- The portion of the state north and west of U.S. Highway 67 – July 15-Oct. 31.
- The portion of the state south and east of U. S. Highway 67 – May 15-Oct. 31.
- The Arkansas River – June 1-Oct. 31.
- The Mississippi River – May 1-July 15.
- Lake Charles and the Strawberry River below U.S. Highway 167 – June 1-Oct. 31.
Jug and Noodle Fishing
- Up to 20 free-floating fishing devices (jugs or noodles) not attached to a stationary object or boat may be used per person.
- All free-floating fishing devices must be clearly marked with the user's name and address, driver's license number or current vehicle tag number.
- Free-floating fishing devices may be unattended only from sunset to sunrise.
Snagging is defined as fishing with conventional rods and reels where the fish is impaled by the forceful retrieval of one or more hooks.
- Snagging sport fish from a bank may be done only within 100 yards below a dam (prohibited below Upper White Oak Lake dam).
- Snagging from a boat may only be done at the following locations:
- From 100 yards below all locks and dams on the Arkansas River to the downstream entrance point of the lock structure.
- From 100 yards below Dam No. 2 (Norrell Lock and Dam) to the boat-launching ramps immediately below the dam.
- Any sport fish snagged must be kept, applied to the daily limit and may not be sold.
- The snagging limit is half the hook-and-line daily limit for the water being fished (or the lesser whole number nearest one-half when the limit is an odd number).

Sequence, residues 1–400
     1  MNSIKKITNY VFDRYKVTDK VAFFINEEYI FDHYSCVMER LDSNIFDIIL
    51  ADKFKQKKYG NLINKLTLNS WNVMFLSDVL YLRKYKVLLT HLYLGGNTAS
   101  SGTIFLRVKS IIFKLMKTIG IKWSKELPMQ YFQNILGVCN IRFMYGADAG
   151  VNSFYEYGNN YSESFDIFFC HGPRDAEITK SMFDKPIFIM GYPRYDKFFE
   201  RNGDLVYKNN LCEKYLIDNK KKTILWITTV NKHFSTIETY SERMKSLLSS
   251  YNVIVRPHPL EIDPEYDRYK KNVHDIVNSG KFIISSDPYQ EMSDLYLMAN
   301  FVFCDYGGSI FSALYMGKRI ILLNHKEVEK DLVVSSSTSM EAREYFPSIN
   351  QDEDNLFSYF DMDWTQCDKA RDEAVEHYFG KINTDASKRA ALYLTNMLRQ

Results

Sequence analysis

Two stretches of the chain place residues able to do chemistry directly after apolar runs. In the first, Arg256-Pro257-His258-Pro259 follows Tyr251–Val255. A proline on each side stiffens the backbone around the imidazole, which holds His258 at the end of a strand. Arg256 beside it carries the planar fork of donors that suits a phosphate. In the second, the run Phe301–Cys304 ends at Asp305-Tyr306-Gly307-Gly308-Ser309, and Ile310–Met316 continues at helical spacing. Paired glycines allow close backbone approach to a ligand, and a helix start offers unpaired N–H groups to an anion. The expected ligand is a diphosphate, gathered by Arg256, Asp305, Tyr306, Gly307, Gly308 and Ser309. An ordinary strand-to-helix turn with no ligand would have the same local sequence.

- A full limit of catfish and paddlefish may be taken.
- Snagging must cease whenever a limit of any species is attained.
- Suckers may be snagged between sunrise and sunset, April 1-Feb. 15. The daily limit for snagging suckers is 20, the possession limit is 40.
Spearfishing is defined as taking fish with a spear-like apparatus (such as a speargun or Hawaiian sling) while the user is under the surface of the water.
- Spearfishing is allowed on Beaver Lake, Blue Mountain Lake, Bull Shoals Lake, Lake Catherine, Lake Conway, DeGray Lake, Lake Erling, Greers Ferry Lake, Lake Greeson, Lake Hamilton, Harris Brake Lake, Millwood Lake, Nimrod Lake, Norfork Lake, Lake Ouachita, Table Rock Lake and impoundments created by the locks and dams on the Arkansas River.
- Spearfishing for largemouth, spotted or smallmouth bass is not allowed in Beaver Lake, Bull Shoals Lake, Millwood Lake, Norfork Lake and Table Rock Lake.
- Spearfishing for smallmouth bass is not allowed on Lake Ouachita.